War of the Rebellion: Serial 062 Page 0552 LOUISIANA AND THE TRANS-MISSISSIPPI. Chapter XLVI.

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their delivery within thirty days, I venture my life that there would not be a slave within the limits of the State at the expiration of that time, unless he had hid himself away to avoid deportation; and I have no hesitation in saying, if it were practicable to dispose of the whole subject as indicated above, the best interest of the people of the State would be subserved thereby. But in my judgment it cannot be done, at least not now, and we can only commit the solution of this great question to the pregnant future, trusting that its ultimate disposition may be in consonance with the well-being and happiness of both races.

I am satisfied that under existing regulations every able-bodied negro who is willing will be enlisted, and, I don't believe it is either the part of wisdom or philanthropy to turn the aged and the decrepit and the women and children out upon the community helpless and dependent, to encounter the demoralization and suffering which must follow so helpless a population. If, however, the policy indicated by Lieutenant-Colonel Jacobson shall be inaugurated, without advising the people by some Congressional enactment or authorized military order that such is the desire and purpose of the Government, serious trouble will necessarily ensue, as the people will resist what they believe to be an unauthorized usurpation of authority.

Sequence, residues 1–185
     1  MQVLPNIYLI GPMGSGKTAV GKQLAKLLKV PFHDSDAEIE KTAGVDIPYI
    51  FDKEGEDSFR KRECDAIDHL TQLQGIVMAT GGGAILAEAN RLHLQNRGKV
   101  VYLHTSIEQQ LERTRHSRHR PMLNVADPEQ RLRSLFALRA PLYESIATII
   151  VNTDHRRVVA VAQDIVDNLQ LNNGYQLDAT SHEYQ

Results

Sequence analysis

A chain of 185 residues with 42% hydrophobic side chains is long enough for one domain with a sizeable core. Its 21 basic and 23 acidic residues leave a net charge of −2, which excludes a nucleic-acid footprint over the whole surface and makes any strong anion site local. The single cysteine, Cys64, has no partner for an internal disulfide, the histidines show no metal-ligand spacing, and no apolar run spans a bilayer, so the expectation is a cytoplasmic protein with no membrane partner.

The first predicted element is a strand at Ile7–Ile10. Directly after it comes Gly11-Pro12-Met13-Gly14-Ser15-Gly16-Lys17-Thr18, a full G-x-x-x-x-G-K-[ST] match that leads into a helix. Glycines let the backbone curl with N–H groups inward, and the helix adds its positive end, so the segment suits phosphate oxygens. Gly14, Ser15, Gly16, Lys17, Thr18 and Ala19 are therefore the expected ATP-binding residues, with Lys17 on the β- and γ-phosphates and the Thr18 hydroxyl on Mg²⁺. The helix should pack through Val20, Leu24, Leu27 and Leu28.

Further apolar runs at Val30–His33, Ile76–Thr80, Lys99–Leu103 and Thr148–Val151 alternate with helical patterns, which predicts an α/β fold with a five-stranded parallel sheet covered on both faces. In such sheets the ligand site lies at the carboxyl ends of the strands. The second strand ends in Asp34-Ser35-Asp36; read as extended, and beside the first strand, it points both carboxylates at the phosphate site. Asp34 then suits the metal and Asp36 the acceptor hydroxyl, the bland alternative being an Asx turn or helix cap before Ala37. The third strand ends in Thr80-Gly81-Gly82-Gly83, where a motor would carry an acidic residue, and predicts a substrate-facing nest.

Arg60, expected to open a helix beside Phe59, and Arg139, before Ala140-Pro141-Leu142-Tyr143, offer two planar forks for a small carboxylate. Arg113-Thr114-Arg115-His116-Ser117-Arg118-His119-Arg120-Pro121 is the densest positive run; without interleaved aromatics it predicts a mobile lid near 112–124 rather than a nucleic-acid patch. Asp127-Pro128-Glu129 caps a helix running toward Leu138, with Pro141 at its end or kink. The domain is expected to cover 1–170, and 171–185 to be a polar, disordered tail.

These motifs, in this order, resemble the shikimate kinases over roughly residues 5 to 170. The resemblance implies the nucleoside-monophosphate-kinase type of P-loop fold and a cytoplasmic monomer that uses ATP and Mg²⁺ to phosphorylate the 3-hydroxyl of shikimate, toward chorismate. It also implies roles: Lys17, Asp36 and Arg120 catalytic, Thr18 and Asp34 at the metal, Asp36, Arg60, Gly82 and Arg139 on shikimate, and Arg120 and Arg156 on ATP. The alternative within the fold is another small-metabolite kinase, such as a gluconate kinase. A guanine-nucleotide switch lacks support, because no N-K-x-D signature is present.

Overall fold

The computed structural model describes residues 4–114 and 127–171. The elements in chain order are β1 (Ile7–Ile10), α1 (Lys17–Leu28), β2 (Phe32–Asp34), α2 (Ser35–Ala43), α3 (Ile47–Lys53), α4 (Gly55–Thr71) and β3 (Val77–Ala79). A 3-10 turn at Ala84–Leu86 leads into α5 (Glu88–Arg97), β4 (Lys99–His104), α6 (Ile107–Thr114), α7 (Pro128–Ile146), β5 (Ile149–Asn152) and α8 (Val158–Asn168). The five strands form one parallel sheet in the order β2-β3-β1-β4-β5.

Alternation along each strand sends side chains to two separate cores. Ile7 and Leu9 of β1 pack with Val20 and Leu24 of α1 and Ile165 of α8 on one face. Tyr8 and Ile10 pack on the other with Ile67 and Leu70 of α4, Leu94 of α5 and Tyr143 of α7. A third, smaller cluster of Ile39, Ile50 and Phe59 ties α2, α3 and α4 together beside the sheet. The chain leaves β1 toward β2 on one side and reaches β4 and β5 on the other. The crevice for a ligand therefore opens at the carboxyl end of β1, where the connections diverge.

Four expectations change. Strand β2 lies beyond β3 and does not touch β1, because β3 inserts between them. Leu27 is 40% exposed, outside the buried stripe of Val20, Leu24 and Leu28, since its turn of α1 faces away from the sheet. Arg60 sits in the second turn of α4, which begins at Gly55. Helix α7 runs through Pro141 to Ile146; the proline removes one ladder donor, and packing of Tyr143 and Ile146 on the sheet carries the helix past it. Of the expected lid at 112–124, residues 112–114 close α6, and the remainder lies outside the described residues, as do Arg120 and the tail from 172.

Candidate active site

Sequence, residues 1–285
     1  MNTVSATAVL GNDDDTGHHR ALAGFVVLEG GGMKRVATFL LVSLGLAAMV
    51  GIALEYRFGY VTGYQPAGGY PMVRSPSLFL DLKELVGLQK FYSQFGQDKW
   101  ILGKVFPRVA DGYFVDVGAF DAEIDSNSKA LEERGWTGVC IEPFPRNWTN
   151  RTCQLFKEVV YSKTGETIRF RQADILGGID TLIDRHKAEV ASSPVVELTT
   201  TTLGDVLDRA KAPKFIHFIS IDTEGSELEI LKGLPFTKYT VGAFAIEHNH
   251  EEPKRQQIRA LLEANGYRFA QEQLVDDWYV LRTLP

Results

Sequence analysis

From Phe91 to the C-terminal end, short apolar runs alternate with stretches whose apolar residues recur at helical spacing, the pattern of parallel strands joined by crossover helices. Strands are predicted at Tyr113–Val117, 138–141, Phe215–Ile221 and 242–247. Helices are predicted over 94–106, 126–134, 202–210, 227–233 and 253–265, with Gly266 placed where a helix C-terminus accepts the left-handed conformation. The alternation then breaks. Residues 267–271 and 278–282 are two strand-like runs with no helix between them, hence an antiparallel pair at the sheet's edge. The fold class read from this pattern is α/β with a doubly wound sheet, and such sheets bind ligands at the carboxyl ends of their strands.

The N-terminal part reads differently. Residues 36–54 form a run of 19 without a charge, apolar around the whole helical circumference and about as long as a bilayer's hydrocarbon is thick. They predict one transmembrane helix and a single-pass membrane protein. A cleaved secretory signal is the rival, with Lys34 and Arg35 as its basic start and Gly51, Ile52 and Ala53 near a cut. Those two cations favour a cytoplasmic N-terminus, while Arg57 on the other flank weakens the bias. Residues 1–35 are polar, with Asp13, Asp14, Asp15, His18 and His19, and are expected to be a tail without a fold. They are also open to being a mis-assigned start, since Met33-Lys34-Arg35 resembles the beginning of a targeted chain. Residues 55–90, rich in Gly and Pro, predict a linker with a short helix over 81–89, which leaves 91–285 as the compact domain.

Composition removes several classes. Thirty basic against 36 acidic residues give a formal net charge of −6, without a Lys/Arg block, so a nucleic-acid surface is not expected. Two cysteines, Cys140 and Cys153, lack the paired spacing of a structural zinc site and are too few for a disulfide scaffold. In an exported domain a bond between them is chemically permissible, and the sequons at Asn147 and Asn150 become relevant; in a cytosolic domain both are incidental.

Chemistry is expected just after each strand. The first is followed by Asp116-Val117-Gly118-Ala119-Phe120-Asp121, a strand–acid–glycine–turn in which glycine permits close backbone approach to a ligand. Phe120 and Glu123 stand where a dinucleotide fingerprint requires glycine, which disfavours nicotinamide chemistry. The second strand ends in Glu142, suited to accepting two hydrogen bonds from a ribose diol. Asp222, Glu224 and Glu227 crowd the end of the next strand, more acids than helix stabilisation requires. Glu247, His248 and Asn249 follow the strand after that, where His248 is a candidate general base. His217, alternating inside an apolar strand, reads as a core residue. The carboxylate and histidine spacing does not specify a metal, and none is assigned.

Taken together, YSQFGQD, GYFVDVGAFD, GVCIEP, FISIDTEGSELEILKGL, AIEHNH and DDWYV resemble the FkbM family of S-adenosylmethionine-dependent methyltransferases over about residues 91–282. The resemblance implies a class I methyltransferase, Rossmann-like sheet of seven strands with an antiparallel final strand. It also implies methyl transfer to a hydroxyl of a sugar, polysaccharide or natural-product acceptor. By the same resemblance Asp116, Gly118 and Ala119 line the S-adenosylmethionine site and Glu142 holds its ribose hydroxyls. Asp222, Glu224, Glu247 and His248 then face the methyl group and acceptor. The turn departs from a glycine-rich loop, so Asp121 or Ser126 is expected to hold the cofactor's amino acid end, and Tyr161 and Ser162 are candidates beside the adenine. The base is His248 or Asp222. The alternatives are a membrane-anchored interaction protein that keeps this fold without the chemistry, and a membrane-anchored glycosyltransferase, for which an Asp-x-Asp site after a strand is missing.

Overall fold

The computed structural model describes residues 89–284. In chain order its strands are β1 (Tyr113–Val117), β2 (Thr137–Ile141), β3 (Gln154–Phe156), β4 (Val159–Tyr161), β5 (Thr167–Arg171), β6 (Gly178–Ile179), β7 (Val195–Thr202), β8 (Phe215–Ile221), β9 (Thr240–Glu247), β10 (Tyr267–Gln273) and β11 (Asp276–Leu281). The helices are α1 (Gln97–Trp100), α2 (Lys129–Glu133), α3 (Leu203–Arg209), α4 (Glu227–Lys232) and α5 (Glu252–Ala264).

I, of course, do not desire to impute to Lieutenant-Colonel Jacobson any improper motive, or any want of capacity to understand the purport and intent of existing orders. I must say, however, that in my humble opinion he has allowed his zeal to get the start of his judgment, and that I don't regard him as a very safe man to instruct subordinate as to the scope and extent of their authority.

In view, therefore, of the above facts, I most respectfully submit to the commanding general the propriety of issuing to all subordinates having jurisdiction over the subject of recruiting colored troops within the State of Missouri such instructions as will leave no room on their part for hesitation or mistake, and none for doubt or misconception on part of the people.



[First indorsement.]


Saint Louis, March 13, 1864.

Respectfully referred to Lieutenant Colonel A. Jacobson, assistant provost-marshal, for indorsement.

By order of Major-General Rosecrans:


Assistant Adjutant-General.

[Second indorsement.]



Saint Louis, March 14, 1864.

Respectfully returned to the major-general commanding.

I may state in general terms that I gave no instructions whatever to assistant provost-marshal on my recent tour of inspection. I need not say, therefore, that I did not instruct them to send detachments into people's kitchens for recruits, nor to send their guards to bring